Pumps for Food Processing Clean Enough to Eat Off

July 1, 2007
Is your pump clean enough to eat off? Or, it sounds better if we say, the pumps used in food processing are so clean that you can eat what’s pumped through them - and they are.

by Robert L. (Bob) Matthews

Is your pump clean enough to eat off? Or, it sounds better if we say, the pumps used in food processing are so clean that you can eat what’s pumped through them - and they are. We talk about the cleanliness of food processing and that’s for health reasons, but what about the health of the pumps. I teach and lecture on pump rebuilding and, a few weeks back, I was lecturing for Kansas State University. I told attendees that the bearings must be on a shaft and the bearing housing had to be clean enough to eat on if they wanted the best possible life for the bearing.

Pump bearings are clean from the manufacture; but, in the hands of a millwright, many things can happen. Look at the bearing heater in Figure 1.

Figure 1. Bearing heater
Click here to enlarge image

This is not clean enough to eat off of, and it isn’t clean enough to heat your bearings. You can be sure the bearing heater manufacturer doesn’t intend for the user to use their equipment in this condition. We rebuild equipment that’s critical to the plants operation with this bearing heater and others like it without a concern until it’s brought to our attention. This bearing heater was used - as are others like it - to heat many bearings and some, if they failed, could cost the plant downtime of up to $90,000 a day (more or less). Go to the bearing heaters in your plant and inspect them as soon as you can, as a first step toward better reliability.

The food industry uses stretch wrap to cover and keep clean our food, and we can use stretch wrap to keep our bearings and pumps clean as well. This might sound too simple, but it helps.

Figure 2. A stretch wrap
Click here to enlarge image

Painting the inside of the bearing housing* to seal the casting pores is a good step to bearing housing cleanliness. We used a red enamel to coat with called Glyptal for years and now some shops use epoxy paints that are excellent and long lasting when applied correctly.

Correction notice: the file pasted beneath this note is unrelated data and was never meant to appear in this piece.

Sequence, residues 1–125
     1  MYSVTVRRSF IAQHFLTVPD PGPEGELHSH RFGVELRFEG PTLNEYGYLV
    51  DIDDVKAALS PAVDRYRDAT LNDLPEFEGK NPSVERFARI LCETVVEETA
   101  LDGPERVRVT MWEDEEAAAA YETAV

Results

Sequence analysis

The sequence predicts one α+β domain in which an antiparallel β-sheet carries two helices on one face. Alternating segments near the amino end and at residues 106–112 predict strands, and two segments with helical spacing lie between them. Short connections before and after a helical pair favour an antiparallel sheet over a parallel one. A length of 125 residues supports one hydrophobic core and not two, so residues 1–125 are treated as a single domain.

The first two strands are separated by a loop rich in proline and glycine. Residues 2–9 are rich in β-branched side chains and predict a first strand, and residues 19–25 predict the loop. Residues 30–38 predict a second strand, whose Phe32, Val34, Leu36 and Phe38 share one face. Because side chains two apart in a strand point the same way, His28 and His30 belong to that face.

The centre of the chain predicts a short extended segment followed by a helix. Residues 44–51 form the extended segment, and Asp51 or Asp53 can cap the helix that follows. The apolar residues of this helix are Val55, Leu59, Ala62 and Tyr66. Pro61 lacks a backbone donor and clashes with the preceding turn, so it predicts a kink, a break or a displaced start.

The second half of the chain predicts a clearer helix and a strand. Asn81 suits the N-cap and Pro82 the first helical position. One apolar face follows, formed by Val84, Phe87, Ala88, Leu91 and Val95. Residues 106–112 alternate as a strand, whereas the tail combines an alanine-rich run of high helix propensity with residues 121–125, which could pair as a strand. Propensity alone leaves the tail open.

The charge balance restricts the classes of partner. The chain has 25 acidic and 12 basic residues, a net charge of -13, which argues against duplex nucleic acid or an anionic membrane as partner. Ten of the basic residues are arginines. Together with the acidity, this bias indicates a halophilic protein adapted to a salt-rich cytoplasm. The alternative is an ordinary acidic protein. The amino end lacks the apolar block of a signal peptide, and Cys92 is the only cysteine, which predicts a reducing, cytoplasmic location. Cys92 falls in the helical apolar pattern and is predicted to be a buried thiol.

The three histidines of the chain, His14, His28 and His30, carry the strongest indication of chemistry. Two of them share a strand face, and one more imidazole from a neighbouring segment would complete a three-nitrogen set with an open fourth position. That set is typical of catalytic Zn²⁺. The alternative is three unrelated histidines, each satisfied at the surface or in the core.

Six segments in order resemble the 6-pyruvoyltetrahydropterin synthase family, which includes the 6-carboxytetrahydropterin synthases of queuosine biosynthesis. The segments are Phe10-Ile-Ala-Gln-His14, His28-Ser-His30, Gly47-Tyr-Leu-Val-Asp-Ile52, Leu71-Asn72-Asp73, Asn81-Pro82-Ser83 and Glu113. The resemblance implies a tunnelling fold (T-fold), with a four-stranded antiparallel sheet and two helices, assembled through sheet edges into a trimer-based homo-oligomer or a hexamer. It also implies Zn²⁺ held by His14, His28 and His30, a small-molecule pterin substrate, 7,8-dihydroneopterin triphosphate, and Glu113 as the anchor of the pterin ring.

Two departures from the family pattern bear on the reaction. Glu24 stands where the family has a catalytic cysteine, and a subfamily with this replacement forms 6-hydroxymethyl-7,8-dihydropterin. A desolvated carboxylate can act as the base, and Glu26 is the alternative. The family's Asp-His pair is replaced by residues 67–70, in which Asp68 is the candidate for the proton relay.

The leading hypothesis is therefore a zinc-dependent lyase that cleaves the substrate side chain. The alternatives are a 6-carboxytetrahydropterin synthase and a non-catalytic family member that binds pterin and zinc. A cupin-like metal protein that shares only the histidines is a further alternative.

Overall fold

* Note: Do not paint the machined surfaces of the bearing housing if they’re critical to bearing fits.

Assemble the bearing assembly preferably with an assembly lube (not automotive - this is industrial) or the oil that you’ll run in the pump, when possible. Be sure to use clean oil and fill from Intelligent Transfer Containers as they:

  • Protect lubricants from contamination
  • Reduce machinery downtime
  • Minimize spills and accidents, and
  • Several colors to code different grades of lubricants.

About the Author: Bob Matthews has 35-plus years of reliability maintenance experience - ranging from hands-on to supervision - in plant maintenance management, consulting and training. He has taught advanced pump rebuilding, lubrication, mechanical seals, braided packing, operator awareness, and other customized classes for companies like Exxon, Phillips, Westinghouse as well as Auburn, University of Alaska, LSU, the Vibration Institute, ASME, FSA, etc. Matthews is now the reliability manager for Houston-based Royal Purple Ltd., where he gives added-value services to the maintenance industry and its customers with lectures, training, and plant visits for reliability recommendations. He’s a graduate from Lamar University, and has authored several industrial publications.

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